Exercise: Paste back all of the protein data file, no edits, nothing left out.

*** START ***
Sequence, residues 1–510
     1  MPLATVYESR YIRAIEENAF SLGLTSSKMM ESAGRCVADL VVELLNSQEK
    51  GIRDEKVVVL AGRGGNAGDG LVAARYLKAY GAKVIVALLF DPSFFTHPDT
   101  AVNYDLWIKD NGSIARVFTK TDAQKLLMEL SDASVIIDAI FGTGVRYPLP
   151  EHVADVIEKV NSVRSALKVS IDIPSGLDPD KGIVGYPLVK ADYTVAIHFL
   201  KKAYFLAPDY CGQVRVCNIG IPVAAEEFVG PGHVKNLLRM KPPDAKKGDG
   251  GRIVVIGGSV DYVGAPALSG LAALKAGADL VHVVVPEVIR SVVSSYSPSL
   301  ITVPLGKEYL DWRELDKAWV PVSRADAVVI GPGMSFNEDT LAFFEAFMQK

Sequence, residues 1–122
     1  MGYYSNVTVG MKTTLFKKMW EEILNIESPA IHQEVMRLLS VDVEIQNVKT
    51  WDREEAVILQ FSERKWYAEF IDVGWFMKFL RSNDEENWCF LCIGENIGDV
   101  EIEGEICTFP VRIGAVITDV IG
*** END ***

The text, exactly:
Sequence, residues 1–510
     1  MPLATVYESR YIRAIEENAF SLGLTSSKMM ESAGRCVADL VVELLNSQEK
    51  GIRDEKVVVL AGRGGNAGDG LVAARYLKAY GAKVIVALLF DPSFFTHPDT
   101  AVNYDLWIKD NGSIARVFTK TDAQKLLMEL SDASVIIDAI FGTGVRYPLP
   151  EHVADVIEKV NSVRSALKVS IDIPSGLDPD KGIVGYPLVK ADYTVAIHFL
   201  KKAYFLAPDY CGQVRVCNIG IPVAAEEFVG PGHVKNLLRM KPPDAKKGDG
   251  GRIVVIGGSV DYVGAPALSG LAALKAGADL VHVVVPEVIR SVVSSYSPSL
   301  ITVPLGKEYL DWRELDKAWV PVSRADAVVI GPGMSFNEDT LAFFEAFMQK

Sequence, residues 1–122
     1  MGYYSNVTVG MKTTLFKKMW EEILNIESPA IHQEVMRLLS VDVEIQNVKT
    51  WDREEAVILQ FSERKWYAEF IDVGWFMKFL RSNDEENWCF LCIGENIGDV
   101  EIEGEICTFP VRIGAVITDV IG